/short enough for ya?
  13. George Roper Jedi Grand Master

    Member Since:
    Oct 31, 2012
    star 4
    It was until you added the '/short enough for ya?'.
  14. Fire_Ice_Death Chosen One

    Member Since:
    Feb 15, 2001
    star 7
  15. Ender Sai Chosen One

    Member Since:
    Feb 18, 2001
    star 9
    KK are you channelling TripleB, who thought Red Dawn was a documentary? ;)
    George Roper likes this.
  16. Darth Guy Chosen One

    Member Since:
    Aug 16, 2002
    star 10
    Wait, what? I can see Japanese or German war planners going, "Ehhh, there are crazy rednecks with guns so we might want to consider that." But a serious deterrent to an invasion? lol, no. That would be our oceans; the vast landmass with major cities almost everywhere that would be nearly impossible to occupy; our massive blue-water navy which would be able to intercept an invasion fleet (from many bases in the Pacific and Iceland and Britain and the Azores in the Atlantic, not to mention the many port cities on the continent); the fact that the Germans and Japanese simply didn't have the capacity to transport an invasion force across the two largest bodies of water on Earth; the fact that they were occupied with un-pacified countries and territories closer to them like the USSR, UK, and China; that especially post-Midway they didn't have a way to get enough air support. Invading the United States would be an even bigger disaster than invading the USSR. The Allies were expecting casualties in the millions (partly caused by civilian resistance) for their invasions of Kyushu and Honshu but were going ahead anyway and there's no reason to think the Axis wouldn't have done the same if the positions had been reversed. But no, let's thank the Second Amendment for protecting us. There's no codified right to convenient geography so I guess we can't worship that as an idol.
    Last edited by Darth Guy, Jan 4, 2013
  17. Ender Sai Chosen One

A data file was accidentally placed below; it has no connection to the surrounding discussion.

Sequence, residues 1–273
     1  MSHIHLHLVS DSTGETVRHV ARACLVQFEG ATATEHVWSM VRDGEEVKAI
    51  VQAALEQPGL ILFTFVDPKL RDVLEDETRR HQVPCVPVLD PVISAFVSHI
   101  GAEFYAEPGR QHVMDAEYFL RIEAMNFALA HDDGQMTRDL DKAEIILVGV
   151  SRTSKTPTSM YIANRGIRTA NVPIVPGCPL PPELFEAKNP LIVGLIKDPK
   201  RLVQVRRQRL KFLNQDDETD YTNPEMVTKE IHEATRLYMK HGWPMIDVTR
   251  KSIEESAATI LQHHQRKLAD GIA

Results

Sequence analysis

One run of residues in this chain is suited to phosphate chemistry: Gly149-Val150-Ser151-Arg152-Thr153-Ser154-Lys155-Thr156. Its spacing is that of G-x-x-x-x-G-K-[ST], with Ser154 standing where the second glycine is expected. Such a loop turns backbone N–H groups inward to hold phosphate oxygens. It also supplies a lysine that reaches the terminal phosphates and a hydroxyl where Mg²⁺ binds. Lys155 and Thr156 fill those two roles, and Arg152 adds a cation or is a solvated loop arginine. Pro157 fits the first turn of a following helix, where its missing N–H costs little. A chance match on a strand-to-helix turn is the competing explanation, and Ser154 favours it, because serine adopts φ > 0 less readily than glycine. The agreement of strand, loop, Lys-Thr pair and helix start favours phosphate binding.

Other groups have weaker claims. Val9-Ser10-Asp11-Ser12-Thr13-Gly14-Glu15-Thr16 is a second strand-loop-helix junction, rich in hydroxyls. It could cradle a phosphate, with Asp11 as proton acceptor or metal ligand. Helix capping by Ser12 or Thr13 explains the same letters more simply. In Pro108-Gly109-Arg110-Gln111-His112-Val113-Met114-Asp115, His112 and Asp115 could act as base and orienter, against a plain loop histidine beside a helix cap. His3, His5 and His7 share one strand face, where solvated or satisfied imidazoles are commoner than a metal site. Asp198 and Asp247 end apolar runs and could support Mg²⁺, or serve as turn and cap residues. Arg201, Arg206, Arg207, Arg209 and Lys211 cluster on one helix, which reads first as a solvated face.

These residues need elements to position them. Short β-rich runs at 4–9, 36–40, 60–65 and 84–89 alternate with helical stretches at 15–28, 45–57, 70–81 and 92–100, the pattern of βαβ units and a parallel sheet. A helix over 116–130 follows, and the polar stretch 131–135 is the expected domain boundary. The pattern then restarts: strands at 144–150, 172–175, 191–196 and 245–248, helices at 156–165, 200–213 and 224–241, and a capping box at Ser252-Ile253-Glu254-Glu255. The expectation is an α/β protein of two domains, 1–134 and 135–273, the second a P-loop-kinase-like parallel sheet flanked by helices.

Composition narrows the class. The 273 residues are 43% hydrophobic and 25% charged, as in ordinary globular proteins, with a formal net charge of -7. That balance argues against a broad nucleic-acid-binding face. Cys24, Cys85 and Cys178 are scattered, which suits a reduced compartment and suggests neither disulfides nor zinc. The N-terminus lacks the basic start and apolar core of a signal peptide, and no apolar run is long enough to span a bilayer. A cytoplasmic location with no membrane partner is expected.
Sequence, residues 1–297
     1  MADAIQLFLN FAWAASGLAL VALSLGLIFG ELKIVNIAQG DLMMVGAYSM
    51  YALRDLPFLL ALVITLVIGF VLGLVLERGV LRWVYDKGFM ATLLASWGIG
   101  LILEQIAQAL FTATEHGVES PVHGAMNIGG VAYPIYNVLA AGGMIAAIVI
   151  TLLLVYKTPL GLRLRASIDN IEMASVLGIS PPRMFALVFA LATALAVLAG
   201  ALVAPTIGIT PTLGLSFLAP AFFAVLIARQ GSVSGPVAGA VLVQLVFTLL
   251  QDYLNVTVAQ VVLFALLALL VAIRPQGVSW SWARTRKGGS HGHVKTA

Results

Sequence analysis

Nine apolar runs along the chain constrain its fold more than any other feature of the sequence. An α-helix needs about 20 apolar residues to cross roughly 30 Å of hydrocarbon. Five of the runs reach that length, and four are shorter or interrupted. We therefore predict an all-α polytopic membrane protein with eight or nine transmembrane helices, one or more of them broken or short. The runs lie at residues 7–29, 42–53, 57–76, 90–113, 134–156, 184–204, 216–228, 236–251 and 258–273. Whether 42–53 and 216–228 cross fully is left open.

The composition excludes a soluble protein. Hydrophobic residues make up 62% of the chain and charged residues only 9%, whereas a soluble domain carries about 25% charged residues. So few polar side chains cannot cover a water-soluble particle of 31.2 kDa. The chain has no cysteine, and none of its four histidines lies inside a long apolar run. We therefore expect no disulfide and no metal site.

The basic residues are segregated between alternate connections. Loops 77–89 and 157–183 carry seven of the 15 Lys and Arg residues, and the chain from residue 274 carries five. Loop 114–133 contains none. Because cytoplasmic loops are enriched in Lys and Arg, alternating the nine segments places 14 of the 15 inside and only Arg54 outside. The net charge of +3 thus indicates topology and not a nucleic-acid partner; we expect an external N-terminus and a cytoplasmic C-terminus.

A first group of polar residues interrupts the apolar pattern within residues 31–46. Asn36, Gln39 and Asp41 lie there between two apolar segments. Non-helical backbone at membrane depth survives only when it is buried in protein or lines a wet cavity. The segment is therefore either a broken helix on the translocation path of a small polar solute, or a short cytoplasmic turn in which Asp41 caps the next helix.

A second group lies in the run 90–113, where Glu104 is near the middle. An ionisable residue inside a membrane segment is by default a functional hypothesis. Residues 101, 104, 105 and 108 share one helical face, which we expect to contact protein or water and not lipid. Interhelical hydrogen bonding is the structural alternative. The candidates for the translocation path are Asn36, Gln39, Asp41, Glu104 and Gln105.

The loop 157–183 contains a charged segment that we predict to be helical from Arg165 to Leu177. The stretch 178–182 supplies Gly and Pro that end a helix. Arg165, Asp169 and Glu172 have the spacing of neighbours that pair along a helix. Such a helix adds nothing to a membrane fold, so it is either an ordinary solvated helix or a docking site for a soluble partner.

Member Since:
    Feb 18, 2001
    star 9
    To a point, you are correct, but as a common law country you also need to consider what future British government statutes have been passed that impact on the 1689 Bill of Rights. So, whilst nobody is suggesting you base your entire legal system on inherited principles of British constitutional law, it's hard for me to agree that citing the provision allowing arms to be born by citizens for self defence is relevant but subsequent laws which frame and in a strictly literal sense, curtail that right exist aren't counted. (I don't want it to sound like "curtail" is a value judgement; it's not). Clearly, if the system than envisioned a right to bear arms was comfortable with constraints on that right, so that the right was defined more clearly and with the times. After all, you can have a right to bear arms for self-defence that doesn't include a hefty gun collection.

    So, if it's possible under common law then legislation can enact bans without infringing on the 2nd amendment's spirit?

    I'm not suggesting your inner discourse actually framed it in that context but I am saying that whether you mean it or not, you are weighing your rights above another's right to life. Again, it's not a conscious decision but the fact you have already determined scenarios in which you would 'comfortably' exercise lethal force is proof enough of that.

    Going further, I'm not sure in countries outside the US people spend time weighing up these scenarios too deeply...
  18. Frank T. Force Ghost

    Member Since:
    Sep 2, 2012
    star 6
    Gun control is an impossible task. Gun eradication should be the goal. If we're not gonna use these evolved brains then we should just start eating our young like other animals. There is no good reason to make or use guns. The same goes for bombs. If you need violence in your life then I suggest you build a thunderdome.
  19. Ghost Chosen One

    Member Since:
    Oct 13, 2003
    star 6
  20. Rogue_Ten Chosen One

    Member Since:
    Aug 18, 2002
    star 7
    kinda just asking for it, innit?
    Arawn_Fenn likes this.
  21. AAAAAH Jedi Grand Master

    Member Since:
    Nov 8, 2012
    star 4
    "Gabby Giffords visited Newtown, Connecticut today, karate chops the air. HIII-YAH!"
  22. LostOnHoth Chosen One

    Member Since:
    Feb 15, 2000
    star 5
    There are a few simple initiatives which could be implemented which I think would have general support:

    1. A clearer distinction between guns owned for sport and self defence. If owned for sport then they must be locked in safe and disassembled when not in use. If used for self defence then they must be safely stored away in a safe and there should be much tougher laws/penalties for gun owners who leave their guns lying around. If you are really worried about break ins then invest in a better home security system.

    2.Handguns only for guns purchased for self defence. More elaborate guns can be purchased for sport but see point 1 above regarding safe storage.